Legal action can be a useful tool to secure justice. But legal action is often just one part of a larger campaign, and is often not the only tool available to achieve your objectives. Campaigning can be another powerful and complementary tool to secure justice.
Campaigning outside the courtroom can be used as an alternative to legal action or it can be used alongside legal action as an often important strategy in securing your objectives.
A campaign is a co-ordinated range of activities dedicated to achieving a common goal.
This can involve:
Outside the courtroom, justice can be secured through effective advocacy and campaigning. This can create pressure for change, and influence the actions of governments and companies.
Campaigning can have the following advantages:
The effectiveness of campaigns has been proven throughout history, with many of the greatest achievements for social justice happening because of campaigns;
Campaigns can also be effective in securing justice regarding more specific issues. They are just as important on small local issues as large ones. For example the protection of a small area of land as a nature reserve or the removal of a junior official who is corrupt.
Example: Global Witness Diamond Certificate Campaign
After years of campaigning against the dirty supply chain of the diamond industry, Global Witness succeeded in getting diamond producing countries to establish a diamond certificate scheme. This has helped ensure the diamond industry no longer has a role in funding conflicts.
Like legal action, there are risks disadvantages of bringing a campaign.
Despite the risks of campaigning, there is sometimes no alternative but to act to uphold your rights in the face of injustice. Nevertheless, carefully consider the advantages and disadvantages of campaigning before taking further action. Read the following pages for further information;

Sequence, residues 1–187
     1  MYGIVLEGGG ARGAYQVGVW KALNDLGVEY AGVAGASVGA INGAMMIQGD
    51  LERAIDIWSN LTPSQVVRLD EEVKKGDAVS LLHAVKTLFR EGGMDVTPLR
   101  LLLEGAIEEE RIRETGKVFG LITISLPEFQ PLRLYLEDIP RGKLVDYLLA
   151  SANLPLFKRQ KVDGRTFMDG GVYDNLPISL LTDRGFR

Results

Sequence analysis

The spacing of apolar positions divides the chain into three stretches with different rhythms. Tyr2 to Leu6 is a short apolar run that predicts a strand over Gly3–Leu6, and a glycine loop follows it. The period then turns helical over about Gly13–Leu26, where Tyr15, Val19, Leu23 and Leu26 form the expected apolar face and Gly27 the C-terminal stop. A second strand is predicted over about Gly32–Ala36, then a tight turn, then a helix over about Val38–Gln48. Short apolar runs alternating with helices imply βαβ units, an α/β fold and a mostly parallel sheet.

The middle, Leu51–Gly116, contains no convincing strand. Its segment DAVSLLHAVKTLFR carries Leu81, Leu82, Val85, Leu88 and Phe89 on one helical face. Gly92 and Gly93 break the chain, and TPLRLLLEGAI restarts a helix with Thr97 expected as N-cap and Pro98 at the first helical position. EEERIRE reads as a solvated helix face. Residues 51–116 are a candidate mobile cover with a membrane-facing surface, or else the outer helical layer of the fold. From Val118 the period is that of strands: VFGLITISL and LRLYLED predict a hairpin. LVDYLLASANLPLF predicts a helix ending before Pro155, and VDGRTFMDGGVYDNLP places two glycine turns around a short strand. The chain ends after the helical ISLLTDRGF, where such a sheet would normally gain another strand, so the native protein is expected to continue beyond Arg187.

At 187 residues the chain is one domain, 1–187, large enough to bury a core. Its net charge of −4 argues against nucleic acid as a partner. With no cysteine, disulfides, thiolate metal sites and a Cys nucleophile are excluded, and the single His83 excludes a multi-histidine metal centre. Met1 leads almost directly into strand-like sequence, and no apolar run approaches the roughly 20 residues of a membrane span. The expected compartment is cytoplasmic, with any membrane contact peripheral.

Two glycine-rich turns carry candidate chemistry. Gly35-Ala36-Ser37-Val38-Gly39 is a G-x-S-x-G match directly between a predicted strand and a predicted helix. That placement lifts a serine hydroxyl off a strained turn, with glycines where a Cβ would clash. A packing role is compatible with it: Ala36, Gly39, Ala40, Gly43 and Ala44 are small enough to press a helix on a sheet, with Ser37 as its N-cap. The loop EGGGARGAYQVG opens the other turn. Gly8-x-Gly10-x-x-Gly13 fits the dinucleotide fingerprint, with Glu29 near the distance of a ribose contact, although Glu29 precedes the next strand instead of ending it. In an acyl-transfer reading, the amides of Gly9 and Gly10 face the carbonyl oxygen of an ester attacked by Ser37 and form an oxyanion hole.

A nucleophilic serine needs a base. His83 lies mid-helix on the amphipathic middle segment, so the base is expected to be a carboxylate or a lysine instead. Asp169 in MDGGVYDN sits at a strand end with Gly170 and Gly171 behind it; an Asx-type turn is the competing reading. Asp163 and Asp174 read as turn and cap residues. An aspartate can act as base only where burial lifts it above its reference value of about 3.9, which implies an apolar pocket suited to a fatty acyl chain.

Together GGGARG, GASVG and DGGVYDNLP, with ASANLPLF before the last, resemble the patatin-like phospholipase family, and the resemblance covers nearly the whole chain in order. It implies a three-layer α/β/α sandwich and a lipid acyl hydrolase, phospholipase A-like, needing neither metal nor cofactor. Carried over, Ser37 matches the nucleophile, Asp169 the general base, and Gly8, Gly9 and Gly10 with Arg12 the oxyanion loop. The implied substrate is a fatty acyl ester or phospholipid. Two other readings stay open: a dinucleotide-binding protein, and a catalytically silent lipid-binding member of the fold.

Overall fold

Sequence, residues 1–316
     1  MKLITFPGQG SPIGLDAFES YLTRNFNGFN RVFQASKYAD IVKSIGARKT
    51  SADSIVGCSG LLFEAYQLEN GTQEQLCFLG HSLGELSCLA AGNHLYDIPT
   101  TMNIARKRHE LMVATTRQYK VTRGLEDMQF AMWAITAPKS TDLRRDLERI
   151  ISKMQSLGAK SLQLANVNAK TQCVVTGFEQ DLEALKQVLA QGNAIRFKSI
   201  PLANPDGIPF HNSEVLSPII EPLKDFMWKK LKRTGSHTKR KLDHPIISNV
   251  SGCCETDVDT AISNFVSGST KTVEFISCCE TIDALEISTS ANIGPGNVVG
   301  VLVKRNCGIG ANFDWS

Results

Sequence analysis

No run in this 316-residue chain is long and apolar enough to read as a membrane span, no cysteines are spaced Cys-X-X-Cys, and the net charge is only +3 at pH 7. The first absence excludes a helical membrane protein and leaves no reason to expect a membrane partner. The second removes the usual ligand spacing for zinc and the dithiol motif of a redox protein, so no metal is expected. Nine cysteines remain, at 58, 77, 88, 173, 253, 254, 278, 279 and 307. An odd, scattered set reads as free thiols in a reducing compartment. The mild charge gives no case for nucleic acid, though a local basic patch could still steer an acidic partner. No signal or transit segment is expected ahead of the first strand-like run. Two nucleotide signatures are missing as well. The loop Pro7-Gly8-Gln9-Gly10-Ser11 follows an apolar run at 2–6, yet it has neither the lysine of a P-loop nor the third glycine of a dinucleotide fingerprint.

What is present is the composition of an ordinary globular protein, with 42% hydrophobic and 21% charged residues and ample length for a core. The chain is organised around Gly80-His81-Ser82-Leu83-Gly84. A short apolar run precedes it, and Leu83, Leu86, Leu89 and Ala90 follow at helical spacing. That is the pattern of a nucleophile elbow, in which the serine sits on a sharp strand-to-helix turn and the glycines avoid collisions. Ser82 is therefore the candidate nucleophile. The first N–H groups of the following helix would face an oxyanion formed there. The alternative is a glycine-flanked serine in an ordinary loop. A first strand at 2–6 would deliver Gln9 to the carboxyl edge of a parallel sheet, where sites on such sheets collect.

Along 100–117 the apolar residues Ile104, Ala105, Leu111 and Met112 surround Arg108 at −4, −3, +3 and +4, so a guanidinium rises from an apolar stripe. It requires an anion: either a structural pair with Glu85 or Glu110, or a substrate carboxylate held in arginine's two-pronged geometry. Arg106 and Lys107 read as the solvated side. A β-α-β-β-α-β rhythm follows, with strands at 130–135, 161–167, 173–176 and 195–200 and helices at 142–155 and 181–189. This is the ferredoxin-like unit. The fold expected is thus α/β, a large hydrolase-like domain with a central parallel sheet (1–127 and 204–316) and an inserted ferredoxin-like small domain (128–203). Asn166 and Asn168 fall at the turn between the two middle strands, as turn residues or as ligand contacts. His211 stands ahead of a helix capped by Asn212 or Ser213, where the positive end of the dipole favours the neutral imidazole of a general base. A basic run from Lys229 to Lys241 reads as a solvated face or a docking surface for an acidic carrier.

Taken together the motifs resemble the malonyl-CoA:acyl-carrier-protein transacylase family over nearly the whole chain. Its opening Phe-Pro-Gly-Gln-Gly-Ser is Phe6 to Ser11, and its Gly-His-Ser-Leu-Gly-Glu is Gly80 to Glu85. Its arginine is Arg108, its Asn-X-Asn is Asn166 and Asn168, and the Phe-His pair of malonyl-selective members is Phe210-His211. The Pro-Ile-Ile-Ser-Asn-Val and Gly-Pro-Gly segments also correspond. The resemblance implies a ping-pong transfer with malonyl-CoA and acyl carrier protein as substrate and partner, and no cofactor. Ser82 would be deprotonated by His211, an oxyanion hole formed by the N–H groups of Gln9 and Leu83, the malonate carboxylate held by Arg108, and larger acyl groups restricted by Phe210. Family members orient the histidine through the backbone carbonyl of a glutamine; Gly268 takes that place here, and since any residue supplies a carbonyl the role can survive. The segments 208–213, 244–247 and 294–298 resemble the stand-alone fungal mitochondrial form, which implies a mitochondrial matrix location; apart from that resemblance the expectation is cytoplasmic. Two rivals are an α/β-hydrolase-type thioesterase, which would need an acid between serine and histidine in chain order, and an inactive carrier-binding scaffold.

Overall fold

By raising public awareness around an issue, this can create considerable embarrassment for even the most powerful, causing them to change their actions. However, to create pressure for change, your campaign must be effective in achieving its goals.
Key Resource: The Change Agency
The Change Agency Education and Training Institute is an independent social movement initiative based in Australia with some involvement in international projects. They have a comprehensive platform with tips on campaign strategy. Their materials can help you decide the questions raised below.
Think about the following questions:
It’s vital you identify:
The more a problem impacts the lives of people in a significant way and the more an injustice is felt, the more people are willing to act to address the problem. The more specific the solution is, the more achievable the objective of the campaign will be.
Build broad alliances. Your campaign will be most effective if it gains support from a wide range of individuals, communities, public interest groups, and NGOs. This can be essential for gathering the resources and creating the pressure needed for a successful campaign.
To bring a successful campaign, a key aspect is choosing who to target.
This may not be the party directly responsible for the wrongdoing, but a connected individual, government, or company. This has similarities to choosing who to bring litigation against, which can also involve a wide range of potential defendants (see Who Can I Take Legal Action Against?).